Finding talented and loyal workers is a challenge for small businesses.
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But staying on top of the latest developments in employment law can make hiring challenges seem like a breeze, especially if your company lacks dedicated HR personnel.
Most small business owners aren't equipped to deal with labor law issues. Fortunately, there is an abundance of information available online and through your local Chamber of Commerce or small business owner's association. But since ignorance of the law won't cut it with oversight agencies, the burden of employment law compliance is yours whether you want it or not.
We strongly advise business owners to consult a legal advisor about their compliance policies because labor laws can vary by state, industry or type of business. With that in mind, here are some of the employment law areas that need attention.
- Wages & hours. The Fair Labor Standards Act requires public and private employers to compensate their workers fairly through regulations that affect wages and overtime pay. Non-exempt workers must receive minimum wage (currently $7.25/hour) and time and a half for overtime hours. Children under the age of 16 are restricted from working in non-agricultural operations.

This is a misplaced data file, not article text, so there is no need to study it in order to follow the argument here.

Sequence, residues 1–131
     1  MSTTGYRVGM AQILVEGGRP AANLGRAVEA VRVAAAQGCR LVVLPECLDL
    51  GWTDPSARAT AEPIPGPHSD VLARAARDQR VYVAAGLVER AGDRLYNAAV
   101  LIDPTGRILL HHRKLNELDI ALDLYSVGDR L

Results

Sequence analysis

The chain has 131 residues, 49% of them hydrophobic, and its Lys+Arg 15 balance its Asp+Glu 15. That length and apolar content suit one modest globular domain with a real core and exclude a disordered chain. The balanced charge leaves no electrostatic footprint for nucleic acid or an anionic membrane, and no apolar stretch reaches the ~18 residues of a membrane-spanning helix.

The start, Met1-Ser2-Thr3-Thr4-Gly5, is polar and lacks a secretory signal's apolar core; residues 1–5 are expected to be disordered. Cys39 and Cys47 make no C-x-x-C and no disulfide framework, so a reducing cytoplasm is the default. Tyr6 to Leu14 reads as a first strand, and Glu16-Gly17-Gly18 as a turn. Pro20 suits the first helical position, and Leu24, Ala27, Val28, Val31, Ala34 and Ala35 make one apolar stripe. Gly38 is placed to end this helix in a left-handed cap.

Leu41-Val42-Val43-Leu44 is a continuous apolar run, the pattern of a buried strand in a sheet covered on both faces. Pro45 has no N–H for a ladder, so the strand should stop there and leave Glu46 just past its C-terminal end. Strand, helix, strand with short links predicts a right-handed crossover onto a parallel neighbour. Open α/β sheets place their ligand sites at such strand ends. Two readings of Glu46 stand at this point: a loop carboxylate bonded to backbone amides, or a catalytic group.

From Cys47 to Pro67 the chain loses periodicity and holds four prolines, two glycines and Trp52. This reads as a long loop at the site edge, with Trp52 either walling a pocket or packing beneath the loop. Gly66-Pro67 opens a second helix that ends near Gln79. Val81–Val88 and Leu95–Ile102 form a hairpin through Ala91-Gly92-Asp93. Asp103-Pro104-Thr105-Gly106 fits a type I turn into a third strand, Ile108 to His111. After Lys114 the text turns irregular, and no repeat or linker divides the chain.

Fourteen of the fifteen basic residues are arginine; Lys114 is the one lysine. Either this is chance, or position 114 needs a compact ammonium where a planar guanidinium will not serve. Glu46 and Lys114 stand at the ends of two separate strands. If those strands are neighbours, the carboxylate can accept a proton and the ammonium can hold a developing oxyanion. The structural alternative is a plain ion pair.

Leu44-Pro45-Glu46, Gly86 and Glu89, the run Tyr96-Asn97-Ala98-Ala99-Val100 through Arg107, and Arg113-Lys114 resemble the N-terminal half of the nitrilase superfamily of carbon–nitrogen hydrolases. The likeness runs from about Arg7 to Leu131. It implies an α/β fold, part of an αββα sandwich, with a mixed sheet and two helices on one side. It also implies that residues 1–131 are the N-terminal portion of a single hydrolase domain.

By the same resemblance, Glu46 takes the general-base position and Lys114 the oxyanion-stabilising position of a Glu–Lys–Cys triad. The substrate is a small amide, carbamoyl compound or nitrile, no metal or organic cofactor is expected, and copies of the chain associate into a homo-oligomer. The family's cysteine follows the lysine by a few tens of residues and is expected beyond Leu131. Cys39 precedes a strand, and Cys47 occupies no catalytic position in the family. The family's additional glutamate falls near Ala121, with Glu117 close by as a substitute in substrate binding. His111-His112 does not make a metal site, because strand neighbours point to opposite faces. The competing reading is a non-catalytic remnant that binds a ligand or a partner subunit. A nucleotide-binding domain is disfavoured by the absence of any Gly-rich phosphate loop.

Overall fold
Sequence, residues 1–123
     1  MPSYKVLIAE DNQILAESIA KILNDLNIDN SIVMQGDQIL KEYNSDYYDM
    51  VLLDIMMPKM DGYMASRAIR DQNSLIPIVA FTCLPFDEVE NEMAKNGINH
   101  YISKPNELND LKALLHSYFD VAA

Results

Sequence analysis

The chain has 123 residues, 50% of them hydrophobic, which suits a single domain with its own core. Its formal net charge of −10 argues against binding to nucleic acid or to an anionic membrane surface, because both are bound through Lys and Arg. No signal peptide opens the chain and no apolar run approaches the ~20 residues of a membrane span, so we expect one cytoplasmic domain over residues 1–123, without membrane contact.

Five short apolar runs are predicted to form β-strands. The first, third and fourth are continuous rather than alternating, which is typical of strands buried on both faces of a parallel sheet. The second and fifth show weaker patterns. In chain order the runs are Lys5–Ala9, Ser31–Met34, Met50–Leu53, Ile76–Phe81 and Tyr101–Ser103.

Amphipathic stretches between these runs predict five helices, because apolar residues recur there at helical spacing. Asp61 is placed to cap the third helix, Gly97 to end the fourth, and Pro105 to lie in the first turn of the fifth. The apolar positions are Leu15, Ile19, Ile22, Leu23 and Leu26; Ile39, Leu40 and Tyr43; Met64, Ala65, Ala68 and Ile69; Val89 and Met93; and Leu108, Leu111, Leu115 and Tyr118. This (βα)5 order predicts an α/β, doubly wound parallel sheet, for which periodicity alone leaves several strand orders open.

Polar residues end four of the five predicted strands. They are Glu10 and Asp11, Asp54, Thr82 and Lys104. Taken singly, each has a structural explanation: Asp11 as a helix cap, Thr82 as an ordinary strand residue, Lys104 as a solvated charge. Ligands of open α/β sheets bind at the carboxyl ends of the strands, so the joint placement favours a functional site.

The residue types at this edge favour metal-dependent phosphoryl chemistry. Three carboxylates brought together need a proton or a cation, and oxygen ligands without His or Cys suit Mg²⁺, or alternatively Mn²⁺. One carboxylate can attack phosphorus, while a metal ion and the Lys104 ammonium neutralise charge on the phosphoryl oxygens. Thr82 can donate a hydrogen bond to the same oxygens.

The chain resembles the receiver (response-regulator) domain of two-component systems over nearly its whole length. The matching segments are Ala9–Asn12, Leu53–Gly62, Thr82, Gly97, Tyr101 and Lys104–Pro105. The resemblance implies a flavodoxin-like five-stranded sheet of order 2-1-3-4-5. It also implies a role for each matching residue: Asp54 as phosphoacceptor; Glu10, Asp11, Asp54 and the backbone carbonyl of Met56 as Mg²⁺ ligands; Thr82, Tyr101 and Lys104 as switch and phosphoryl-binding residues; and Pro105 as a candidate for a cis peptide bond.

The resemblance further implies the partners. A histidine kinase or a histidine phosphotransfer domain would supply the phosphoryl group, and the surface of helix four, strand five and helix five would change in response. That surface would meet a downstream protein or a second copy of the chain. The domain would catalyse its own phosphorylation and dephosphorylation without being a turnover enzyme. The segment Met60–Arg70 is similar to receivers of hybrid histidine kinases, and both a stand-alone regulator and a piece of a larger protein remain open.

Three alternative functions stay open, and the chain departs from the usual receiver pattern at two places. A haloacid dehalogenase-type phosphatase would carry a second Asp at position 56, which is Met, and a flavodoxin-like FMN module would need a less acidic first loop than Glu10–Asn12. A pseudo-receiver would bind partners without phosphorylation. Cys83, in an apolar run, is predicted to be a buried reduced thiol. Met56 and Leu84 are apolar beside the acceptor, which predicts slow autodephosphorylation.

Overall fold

- Workplace safety & health. OSHA (Occupational Safety & Health Administration) oversees workplace safety and health regulations that impact most private and public employer workplaces. Employers are responsible for creating a hazard-free workplace and for maintaining compliance with OSHA reporting and posting requirements.
- Workers' Compensation. Workers' compensation legislation require employers to participate in a plan that provides compensation and medical benefits for workers who are injured on the job or become ill as a result of performing their job. This is a state requirement and should be researched on a state-by-state basis.
- Employee Benefit Security. Employee Retirement Income Security Act (ERISA) legislation protects employee pension and welfare plans from fraud and negligence, and imposes a range of fiduciary responsibilities on employers.
- Family & Medical Leave. The Family & Medical Leave Act (FMLA) requires employers of 50 or more workers to provide up to 12 weeks of unpaid, job-protected leave to eligible employees for the birth or adoption of a child. This legislation also allows for leaves related to the serious illness of the employee, a spouse, a child or a parent.